Space junk is a real problem for our planet. Most likely, most of it passes through the atmosphere of our planet, but is destroyed at that time and does not pose any danger. In the case of the Chinese Long March CZ-5B guided missile, the risk is real.
Officials have already warned of the risk of debris falling to Earth this weekend, with Portugal on track like the rest of Europe.
EASA - the European Aviation Safety Agency - issued a statement warning of the possibility of up to 9 tonnes of debris from a Chinese Long March CZ-5B rocket falling on European territory. The event will take place this weekend on July 30th and 31st.
Space debris that can fall "uncontrolled" in an area about 2000 kilometers long and about 70 kilometers wide.
Although there is no definitive route, Portugal, Spain, France, Greece, Italy, Malta and Bulgaria may be affected, at least in their airspace. EASA says it can only be certain about the route until a few hours before the event.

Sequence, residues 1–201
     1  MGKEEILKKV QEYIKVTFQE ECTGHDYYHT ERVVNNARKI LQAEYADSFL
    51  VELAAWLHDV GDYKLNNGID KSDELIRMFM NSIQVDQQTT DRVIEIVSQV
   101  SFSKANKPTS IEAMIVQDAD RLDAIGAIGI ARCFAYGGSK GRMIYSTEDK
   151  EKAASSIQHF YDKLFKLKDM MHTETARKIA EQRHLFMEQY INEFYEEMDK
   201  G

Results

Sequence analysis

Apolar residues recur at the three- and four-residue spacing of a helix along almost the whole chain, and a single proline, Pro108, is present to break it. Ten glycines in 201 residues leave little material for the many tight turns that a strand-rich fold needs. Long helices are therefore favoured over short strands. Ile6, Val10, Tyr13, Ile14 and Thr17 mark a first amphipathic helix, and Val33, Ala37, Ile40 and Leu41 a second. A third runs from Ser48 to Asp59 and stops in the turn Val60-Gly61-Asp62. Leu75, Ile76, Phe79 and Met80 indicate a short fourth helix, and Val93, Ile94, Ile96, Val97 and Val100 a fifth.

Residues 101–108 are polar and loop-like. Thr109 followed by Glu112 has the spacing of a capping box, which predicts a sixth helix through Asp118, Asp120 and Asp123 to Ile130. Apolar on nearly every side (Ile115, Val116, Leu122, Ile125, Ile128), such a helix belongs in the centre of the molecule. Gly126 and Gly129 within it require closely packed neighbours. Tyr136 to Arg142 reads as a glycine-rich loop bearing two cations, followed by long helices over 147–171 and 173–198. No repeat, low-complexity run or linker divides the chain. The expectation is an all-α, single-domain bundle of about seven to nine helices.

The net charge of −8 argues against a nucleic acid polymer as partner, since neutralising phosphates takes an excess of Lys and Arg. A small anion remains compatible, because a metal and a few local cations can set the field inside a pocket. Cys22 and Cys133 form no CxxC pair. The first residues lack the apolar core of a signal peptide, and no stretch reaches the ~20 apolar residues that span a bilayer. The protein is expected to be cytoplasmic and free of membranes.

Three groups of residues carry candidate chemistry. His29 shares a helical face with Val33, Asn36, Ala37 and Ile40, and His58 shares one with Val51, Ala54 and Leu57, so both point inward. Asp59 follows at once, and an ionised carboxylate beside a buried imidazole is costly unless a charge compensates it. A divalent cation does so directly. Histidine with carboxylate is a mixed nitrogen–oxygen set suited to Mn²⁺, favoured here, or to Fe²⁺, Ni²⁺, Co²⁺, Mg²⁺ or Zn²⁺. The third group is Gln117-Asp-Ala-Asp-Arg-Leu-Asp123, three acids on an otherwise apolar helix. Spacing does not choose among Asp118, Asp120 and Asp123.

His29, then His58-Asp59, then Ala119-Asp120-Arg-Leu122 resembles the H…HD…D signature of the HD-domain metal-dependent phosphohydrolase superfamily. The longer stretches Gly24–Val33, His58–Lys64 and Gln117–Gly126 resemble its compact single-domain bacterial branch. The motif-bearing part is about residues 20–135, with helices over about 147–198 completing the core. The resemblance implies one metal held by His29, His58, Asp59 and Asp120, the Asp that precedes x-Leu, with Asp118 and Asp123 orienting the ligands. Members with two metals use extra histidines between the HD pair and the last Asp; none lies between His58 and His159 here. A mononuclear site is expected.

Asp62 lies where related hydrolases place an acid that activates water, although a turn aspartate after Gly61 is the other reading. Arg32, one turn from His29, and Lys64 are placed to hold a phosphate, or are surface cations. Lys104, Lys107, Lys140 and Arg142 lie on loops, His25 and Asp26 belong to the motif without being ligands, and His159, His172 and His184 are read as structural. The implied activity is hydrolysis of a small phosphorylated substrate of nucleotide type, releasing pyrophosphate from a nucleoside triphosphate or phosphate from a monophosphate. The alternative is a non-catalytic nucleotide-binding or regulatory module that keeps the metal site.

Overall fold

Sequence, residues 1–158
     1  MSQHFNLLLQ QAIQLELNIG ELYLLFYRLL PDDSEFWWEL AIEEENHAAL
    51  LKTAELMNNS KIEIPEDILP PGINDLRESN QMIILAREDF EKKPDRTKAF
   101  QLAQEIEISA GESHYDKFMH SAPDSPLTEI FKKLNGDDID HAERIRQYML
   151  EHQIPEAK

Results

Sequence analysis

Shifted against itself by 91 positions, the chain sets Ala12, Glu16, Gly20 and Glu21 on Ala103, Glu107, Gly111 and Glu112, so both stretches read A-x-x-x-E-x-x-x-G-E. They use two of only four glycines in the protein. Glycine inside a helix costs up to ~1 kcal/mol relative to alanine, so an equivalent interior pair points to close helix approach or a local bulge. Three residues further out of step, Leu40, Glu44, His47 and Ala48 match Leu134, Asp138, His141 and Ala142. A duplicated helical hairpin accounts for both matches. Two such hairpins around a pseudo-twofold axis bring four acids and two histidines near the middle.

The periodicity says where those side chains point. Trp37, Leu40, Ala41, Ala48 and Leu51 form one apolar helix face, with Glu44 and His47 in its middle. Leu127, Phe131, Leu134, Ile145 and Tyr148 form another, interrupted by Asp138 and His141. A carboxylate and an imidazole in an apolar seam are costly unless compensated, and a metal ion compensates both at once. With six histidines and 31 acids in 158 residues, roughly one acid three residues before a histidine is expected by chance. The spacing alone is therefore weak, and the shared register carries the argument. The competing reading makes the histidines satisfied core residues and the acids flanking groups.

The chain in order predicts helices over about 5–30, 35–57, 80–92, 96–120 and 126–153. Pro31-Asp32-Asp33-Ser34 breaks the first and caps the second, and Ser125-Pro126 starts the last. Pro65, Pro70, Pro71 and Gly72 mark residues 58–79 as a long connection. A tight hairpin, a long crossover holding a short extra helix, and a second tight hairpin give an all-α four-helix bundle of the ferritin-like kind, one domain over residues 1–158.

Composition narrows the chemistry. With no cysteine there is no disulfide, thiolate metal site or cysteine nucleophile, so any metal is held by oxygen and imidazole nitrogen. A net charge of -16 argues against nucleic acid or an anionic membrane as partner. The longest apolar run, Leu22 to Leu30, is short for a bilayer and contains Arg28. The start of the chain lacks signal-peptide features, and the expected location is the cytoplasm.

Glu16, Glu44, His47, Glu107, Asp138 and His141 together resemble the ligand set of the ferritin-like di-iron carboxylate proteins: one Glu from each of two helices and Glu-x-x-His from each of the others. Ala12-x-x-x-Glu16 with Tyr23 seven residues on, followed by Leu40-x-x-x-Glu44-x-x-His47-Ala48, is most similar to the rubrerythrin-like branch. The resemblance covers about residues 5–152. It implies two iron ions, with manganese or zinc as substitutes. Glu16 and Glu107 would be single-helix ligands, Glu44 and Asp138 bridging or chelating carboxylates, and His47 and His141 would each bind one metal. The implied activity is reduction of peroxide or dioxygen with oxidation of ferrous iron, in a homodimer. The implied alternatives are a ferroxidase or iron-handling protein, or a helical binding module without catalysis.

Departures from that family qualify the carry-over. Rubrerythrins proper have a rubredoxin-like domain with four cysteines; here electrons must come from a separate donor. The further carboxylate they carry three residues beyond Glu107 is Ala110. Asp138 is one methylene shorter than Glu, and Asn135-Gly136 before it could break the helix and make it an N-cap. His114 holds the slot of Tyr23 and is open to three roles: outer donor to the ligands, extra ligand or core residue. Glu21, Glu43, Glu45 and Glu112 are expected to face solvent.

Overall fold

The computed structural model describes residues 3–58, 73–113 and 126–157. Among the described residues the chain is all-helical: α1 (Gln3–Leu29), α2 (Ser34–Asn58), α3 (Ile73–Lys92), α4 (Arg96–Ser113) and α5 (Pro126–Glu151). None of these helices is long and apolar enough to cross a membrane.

The Long March CZ-5B was launched on July 24th and is estimated at 17 to 22 tons, with an expected 9 tons "one of the largest pieces of debris re-entered the atmosphere in recent years!" The region that can cross Earth's atmosphere is estimated to be 30 meters.
Part of this structure must disappear when passing through the atmosphere, however, 20 to 40% of the debris must reach land or even the ocean.
Between 20% and 40% of its mass reaches Earth, which is enough for many fragments to survive and rain down as debris over an area about 2000 kilometers long and 70 kilometers wide.
| According to EASA.
M May 2021, when debris from another Chinese rocket hit Earth, no urban areas were hit. Around that time, another Long March CZ-5B crashed in the Indian Ocean near the Maldives.